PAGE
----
Many programs should be terminated on the merits -- but that's not where to find waste or inefficiency, which don't have budget line items. Neither do most of the places where you'll find it in government. There is no line item in state budgets for electricity for Coke machines (or, in most cases, for the electric bill, period), or intra-office mail delivery, or purchase of road salt. It's an old adage: What gets measured gets done. And most budgets don't identify, track, and measure wasteful practices. That's why the waste occurs.
What should be cut is what's not in the budget. Another rule of thumb is that most of these savings will not be found in particular agencies or administrative units. While some large standard departments like health, human services, corrections, and transportation are reliable producers of inefficiencies, the real savings come in government-wide functions that affect all departments and, as a result, tend to be budgeted by none. Personnel and procurement functions are always good places to look for improvements to save money (remember Rule No.1: improve performance, savings will follow); utility costs like energy and phones also tend to be neither well-monitored nor cheap. These are not what most people think of when they think of government waste and inefficiencies -- but they are where most of the money disappears, just like in most organizations and probably your own household budget.
How do you ferret out all these hidden expense items? I'd like to say that it requires a team of well-versed experts like me, but, really, the first place to go is to public employees themselves -- the very people the public likes to imagine as lazy, stupid sinkholes for tax dollars. In fact, most public employees are conscientious and can tell you exactly how to make government work better and more efficiently. Unfortunately, in the current climate of disdain, they're rarely asked.
When we did ask, we learned about the salt spreaders. (I don't know anything about road salt otherwise.) We learned from state employees in West Virginia and city employees in Chicago the variety of pipes and lighting fixtures ordered and stored, and how greater standardization could lead to shorter lead times, lower storage costs, and more efficient replacement operations. One state employee in Colorado's transportation department had a great idea for using leftover asphalt from road-paving to stop weeds growing under highway dividers -- making use of something that was otherwise wasted to reduce weed-whacking costs.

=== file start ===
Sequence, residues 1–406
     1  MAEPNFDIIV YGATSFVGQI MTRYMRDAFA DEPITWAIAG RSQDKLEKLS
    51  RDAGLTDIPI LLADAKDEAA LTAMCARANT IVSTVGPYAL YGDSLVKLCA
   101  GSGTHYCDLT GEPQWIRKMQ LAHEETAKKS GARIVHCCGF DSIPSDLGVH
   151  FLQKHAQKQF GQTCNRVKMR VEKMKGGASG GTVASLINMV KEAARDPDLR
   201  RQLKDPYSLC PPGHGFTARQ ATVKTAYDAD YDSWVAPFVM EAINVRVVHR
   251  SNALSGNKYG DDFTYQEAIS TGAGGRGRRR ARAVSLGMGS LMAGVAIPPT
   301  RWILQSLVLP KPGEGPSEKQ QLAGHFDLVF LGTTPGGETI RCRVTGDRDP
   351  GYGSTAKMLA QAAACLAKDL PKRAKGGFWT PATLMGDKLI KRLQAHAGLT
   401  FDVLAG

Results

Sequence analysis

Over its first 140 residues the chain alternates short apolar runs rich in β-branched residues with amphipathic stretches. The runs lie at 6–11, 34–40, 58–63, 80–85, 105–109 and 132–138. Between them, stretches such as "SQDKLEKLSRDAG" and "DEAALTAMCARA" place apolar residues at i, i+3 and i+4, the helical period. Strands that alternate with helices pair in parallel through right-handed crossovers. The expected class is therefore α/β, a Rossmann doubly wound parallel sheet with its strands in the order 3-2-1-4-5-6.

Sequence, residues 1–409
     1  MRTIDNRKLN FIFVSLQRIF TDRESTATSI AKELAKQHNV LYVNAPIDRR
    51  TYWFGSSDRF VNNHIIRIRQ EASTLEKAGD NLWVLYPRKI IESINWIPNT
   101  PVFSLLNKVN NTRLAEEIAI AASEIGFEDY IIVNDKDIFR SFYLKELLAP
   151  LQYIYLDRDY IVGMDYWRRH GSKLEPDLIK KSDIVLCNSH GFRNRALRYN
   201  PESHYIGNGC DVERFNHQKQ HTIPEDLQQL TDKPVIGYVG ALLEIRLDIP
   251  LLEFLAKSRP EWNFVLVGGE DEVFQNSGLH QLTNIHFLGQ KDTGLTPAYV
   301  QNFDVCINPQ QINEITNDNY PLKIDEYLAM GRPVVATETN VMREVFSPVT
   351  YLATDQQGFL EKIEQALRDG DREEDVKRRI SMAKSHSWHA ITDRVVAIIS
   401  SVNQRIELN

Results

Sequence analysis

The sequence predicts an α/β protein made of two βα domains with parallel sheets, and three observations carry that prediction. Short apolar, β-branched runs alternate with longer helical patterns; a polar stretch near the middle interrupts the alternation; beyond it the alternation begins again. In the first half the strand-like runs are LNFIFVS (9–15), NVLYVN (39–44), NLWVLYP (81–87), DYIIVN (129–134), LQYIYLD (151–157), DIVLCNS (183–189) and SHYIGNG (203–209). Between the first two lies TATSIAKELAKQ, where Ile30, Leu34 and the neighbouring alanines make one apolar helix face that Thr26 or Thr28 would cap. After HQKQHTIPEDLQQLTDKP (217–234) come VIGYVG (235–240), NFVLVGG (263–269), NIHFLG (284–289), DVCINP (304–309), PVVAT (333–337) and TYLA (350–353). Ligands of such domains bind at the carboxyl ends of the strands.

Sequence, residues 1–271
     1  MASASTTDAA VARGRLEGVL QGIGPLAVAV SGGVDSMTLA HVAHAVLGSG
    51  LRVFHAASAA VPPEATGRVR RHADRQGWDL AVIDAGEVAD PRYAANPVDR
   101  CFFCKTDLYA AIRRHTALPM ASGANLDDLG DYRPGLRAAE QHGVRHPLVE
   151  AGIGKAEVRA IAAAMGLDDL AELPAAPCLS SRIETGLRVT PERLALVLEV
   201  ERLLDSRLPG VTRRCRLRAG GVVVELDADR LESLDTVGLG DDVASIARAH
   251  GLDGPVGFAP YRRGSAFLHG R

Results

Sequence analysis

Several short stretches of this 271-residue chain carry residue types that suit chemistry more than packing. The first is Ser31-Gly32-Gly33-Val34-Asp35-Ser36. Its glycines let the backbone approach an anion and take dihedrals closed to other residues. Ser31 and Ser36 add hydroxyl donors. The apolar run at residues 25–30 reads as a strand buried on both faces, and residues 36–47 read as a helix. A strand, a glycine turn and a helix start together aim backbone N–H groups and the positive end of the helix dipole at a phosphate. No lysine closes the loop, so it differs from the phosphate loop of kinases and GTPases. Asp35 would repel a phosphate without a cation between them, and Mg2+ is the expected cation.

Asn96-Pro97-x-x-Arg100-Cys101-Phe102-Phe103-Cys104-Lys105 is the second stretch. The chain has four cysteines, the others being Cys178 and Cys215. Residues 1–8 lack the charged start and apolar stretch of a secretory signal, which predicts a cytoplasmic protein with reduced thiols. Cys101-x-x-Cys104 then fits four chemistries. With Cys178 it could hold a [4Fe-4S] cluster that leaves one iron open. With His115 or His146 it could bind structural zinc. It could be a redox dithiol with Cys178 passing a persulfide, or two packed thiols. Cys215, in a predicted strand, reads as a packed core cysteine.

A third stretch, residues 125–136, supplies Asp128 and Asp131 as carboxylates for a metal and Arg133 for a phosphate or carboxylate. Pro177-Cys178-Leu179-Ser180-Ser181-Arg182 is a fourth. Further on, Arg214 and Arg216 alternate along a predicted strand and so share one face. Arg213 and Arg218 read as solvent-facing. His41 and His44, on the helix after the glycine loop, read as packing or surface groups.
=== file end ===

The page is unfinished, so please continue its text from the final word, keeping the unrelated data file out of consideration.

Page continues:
Of course, probably not unlike your workplace, not everyone's in it to win it. All efforts at meaningful efficiency improvement require a top-down commitment. Some governors, like Chet Culver in Iowa, took the time to sit down with us and go through every single recommendation for savings and discuss how to make it work on implementation. Unfortunately, such a commitment from the CEO is needed. My favorite example was the department secretary who insisted to me that her agency couldn't possibly hit the savings targets we set, then bragged to me a year later about how she exceeded them. The kicker: When I complimented her and said that that ought to make it easy to hit the following year's targets, she protested, "Oh, no, we can't possibly do that!"
Former West Virginia Governor Joe Manchin, now a U.S. senator, found a clever way to deal with that: He gave all agencies and their staffs a fair chance to shoot at the savings ideas and dollar targets, but then they had to sign "contracts" committing to the agreed savings. If they weren't met, the savings were cut from other parts of their budget. Actual savings a year later exceeded projections.
That's another basic rule: Don't listen to naysayers. Philosopher Arthur Schopenhauer described three stages of response to a new idea:
- The declaration that it's obvious.
Recalcitrant bureaucrats have coined a variation on stage 3: "We've done it already." That usually follows with head-spinning speed after rejection of their preceding, months-long insistence that "it can't be done."
But it can be done, which is why it must be done. Again and again: Texas carried on the TPR for about 20 years -- and found new ways to save money every time. Some might say that shows just how inefficient "government" is, but that misses the real point: Every human organization -- including governments and businesses -- has inefficiencies. Those that aren't constantly finding, and correcting them, aren't, well, worth their salt.